Take control of your debt.

Are you having problems with debt? Do you own multiple credit cards with overdue payments? Are you finding yourself dealing with collections calls every month? A debt consolidation mortgage can help you take control of your debt.

At The Mortgage Centre KW, our debt consolidation mortgages are the perfect solution for people struggling to manage growing debt problems. For many people in Ontario, debt consolidation is the first step on the road to becoming debt-free.

Debt consolidation mortgages are a way to replace high interest debts with better interest rates and lower monthly payments. When compared to other forms of debt, mortgages tend to offer better rates, since they are secured against the collateral of your home.

Debt consolidation is a great choice if you have debt from a number of sources, such as multiple credit cards or an unsecured line of credit. It will help to ensure you can keep track of your debt more easily, establish a better budget for your spending, and start to improve your credit score going forward.

How Does Debt Consolidation Work?

Debt consolidation reduces your monthly payments by combining multiple sources of outstanding debt into a single source — either a loan or the mortgage on your home. We typically recommend mortgages for debt consolidation, since securing your debt against the equity of your home will often reduce the interest rate you are being charged.

In order to qualify for debt consolidation, you must have a home or some other collateral that you can use to secure a loan. You must also be working or have some source of income, in order to show that you will be able to make monthly payments going forward.

Debt consolidation will not eliminate any of your debts. It may reduce interest rates and monthly payments, but this will depend on your current credit score. If you have a poor credit score, you may not be eligible for debt consolidation. To learn more about consolidating your debt, contact our team today.

Your Options for Dealing With Debt

Beyond debt consolidation, there are a number of other options for dealing with debt. These options may be necessary if you are ineligible for a debt consolidation mortgage or loan.

Debt Settlement

One option for dealing with debt is a direct settlement with your creditors. A debt settlement will not have the same level of impact on your credit score as a consumer proposal or bankruptcy, nor will it require working with a Licensed Insolvency Trustee (LIT). You will take a short-term to your credit rating, but it should easier to build a good score back up.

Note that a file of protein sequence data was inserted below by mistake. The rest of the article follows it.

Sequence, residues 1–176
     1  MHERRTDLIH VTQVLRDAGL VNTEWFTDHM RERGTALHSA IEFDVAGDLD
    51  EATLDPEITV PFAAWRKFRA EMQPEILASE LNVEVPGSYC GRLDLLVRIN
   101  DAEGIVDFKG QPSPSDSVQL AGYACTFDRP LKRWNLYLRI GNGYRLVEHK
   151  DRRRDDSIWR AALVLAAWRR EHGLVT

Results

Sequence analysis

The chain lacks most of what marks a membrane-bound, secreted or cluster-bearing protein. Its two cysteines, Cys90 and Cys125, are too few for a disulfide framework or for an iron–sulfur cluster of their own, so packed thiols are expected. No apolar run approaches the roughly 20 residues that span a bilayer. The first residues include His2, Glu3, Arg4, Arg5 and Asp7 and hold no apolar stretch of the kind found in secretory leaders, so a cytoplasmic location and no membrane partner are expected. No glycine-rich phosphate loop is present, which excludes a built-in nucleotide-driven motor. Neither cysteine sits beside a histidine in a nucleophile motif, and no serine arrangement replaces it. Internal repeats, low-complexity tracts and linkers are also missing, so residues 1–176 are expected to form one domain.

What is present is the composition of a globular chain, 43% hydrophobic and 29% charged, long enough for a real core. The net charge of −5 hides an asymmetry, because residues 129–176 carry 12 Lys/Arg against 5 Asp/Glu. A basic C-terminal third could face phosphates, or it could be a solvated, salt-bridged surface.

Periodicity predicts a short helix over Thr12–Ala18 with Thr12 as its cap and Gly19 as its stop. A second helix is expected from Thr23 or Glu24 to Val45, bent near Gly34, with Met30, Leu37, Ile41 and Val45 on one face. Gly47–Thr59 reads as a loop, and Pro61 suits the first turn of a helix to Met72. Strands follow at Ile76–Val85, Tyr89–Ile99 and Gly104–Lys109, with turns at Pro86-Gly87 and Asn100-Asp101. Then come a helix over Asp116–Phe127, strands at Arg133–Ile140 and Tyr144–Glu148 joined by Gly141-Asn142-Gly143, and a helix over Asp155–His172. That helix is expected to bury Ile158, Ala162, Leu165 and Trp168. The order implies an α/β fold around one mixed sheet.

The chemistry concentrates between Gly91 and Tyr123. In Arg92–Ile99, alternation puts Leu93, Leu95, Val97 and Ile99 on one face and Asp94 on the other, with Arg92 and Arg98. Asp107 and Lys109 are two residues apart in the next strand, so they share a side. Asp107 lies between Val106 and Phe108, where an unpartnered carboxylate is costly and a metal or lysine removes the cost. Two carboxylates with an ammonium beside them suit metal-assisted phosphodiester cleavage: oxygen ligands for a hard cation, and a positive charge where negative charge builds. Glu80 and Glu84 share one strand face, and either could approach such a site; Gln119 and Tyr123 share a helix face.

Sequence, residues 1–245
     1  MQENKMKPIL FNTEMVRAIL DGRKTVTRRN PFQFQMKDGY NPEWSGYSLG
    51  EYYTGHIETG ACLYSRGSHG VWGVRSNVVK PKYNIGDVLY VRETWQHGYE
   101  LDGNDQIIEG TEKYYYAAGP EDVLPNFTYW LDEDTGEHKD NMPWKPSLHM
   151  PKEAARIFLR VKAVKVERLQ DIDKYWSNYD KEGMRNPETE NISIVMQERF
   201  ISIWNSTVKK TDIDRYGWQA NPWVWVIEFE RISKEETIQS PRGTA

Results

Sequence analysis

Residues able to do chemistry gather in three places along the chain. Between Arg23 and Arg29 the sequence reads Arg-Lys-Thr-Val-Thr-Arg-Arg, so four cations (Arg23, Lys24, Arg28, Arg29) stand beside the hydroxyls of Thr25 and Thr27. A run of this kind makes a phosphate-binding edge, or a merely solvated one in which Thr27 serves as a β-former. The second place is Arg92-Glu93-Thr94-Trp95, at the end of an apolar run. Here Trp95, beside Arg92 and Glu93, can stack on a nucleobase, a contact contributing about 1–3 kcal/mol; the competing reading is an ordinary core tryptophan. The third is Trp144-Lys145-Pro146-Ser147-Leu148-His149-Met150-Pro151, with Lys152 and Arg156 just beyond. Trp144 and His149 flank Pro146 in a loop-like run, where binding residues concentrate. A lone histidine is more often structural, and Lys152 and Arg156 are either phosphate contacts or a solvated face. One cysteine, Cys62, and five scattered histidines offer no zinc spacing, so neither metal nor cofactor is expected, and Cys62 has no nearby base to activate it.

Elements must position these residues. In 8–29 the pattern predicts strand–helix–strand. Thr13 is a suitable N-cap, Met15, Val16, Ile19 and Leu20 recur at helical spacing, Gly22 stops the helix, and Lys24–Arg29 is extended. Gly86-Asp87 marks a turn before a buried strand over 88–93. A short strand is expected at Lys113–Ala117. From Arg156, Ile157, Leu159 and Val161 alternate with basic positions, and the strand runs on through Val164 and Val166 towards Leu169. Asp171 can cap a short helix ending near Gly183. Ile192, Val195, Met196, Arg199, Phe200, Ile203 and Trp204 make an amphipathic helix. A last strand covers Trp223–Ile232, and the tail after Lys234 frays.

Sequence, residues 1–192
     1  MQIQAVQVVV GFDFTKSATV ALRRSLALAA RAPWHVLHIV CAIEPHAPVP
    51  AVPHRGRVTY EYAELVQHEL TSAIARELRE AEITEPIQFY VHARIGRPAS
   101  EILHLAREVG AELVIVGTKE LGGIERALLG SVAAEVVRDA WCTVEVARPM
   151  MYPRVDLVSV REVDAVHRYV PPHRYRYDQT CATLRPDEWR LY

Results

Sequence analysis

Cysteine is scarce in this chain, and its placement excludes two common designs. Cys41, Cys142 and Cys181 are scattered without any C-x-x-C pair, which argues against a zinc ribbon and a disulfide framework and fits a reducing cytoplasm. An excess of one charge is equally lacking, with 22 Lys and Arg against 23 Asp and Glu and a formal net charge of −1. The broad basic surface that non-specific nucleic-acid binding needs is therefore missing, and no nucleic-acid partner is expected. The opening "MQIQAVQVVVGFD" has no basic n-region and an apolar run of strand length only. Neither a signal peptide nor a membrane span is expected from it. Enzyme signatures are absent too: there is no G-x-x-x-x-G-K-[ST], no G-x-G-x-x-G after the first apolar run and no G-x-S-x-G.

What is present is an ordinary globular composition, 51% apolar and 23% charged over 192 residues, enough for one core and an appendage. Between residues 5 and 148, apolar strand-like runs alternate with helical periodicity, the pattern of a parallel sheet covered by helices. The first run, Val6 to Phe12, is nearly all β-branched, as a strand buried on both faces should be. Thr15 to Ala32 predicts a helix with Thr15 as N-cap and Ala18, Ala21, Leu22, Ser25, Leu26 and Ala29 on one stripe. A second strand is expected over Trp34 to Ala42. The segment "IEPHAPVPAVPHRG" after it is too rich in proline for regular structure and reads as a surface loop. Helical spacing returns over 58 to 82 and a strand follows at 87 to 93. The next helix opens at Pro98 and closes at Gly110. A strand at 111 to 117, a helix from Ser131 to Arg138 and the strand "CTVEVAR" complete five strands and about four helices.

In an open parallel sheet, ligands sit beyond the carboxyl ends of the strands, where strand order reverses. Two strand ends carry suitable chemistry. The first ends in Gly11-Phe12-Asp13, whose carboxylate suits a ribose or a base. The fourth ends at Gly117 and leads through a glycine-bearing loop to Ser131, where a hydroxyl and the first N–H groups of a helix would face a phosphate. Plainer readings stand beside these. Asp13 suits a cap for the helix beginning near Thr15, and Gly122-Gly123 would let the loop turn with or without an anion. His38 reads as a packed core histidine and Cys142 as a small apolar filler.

Debt settlements are typically negotiated directly with creditors, often through a third-party advisor or consultant. Once the settlement is agreed upon, your debts with that creditor are erased. You may agree on a lump-sum payment or monthly payments, depending on the terms of your settlement (similar to a consumer proposal).

In general, debt settlements are less common than consumer proposals. Most creditors understand how to negotiate favourable terms and prefer to settle debts through LITs. Some debt consultants will charge unnecessary fees as part of a settlement, so be careful when selecting a debt consultant.

Consumer Proposal

Submitting a consumer proposal has many elements in common with declaring bankruptcy. Similar to a personal bankruptcy, you will need to work with a Licensed Insolvency Trustee (LIT) and some of your assets will be protected while you go through the process.

The major difference is that a consumer proposal means you do not have to attend bankruptcy court. This option allows you to settle your debt out of court, by drawing up a plan to repay creditors using your existing assets. Often, you are able to negotiate lower payments as a result of this process. Creditors know that accepting a consumer proposal is more advantageous than having you file for bankruptcy.

While consumer proposals are a better option than bankruptcy in most cases, they will also leave a permanent mark on your credit record. Just like a bankruptcy, a consumer proposal will make it hard for you to secure loans or a mortgage going forward. It will take time for you to rebuild your good credit.

Personal Bankruptcy

Bankruptcy is a scary prospect. Many Canadians perceive it as the only way to escape from overwhelming debt, but the truth is that bankruptcy is simply one of many options for dealing with debt — and often it’s not even the best option.

In order to declare personal bankruptcy, you must speak with a Licensed Insolvency Trustee (LIT). An LIT will be able to verify that you are insolvent and unable to meet your monthly debt payments, then go through the paperwork of filing for bankruptcy with the Office of the Superintendent of Bankruptcy

This process will grant you protection from legal action, collections, wage garnishments, foreclosures, and repossession, but it will place your assets entirely in the hands of your trustee. After you have declared bankruptcy, your trustee will be responsible for managing claims from your creditors against your assets.

Certain assets are exempt from bankruptcy in Ontario, including a primary home with less than $10,000 in equity, a single vehicle worth under $6,600, household furnishing, trade tools, clothing, medical devices, and more. However, you are likely to lose any non-exempt assets to your creditors. Most importantly, a personal bankruptcy is a permanent mark on your credit record and it may make it difficult for you to secure loans or a mortgage in the future.

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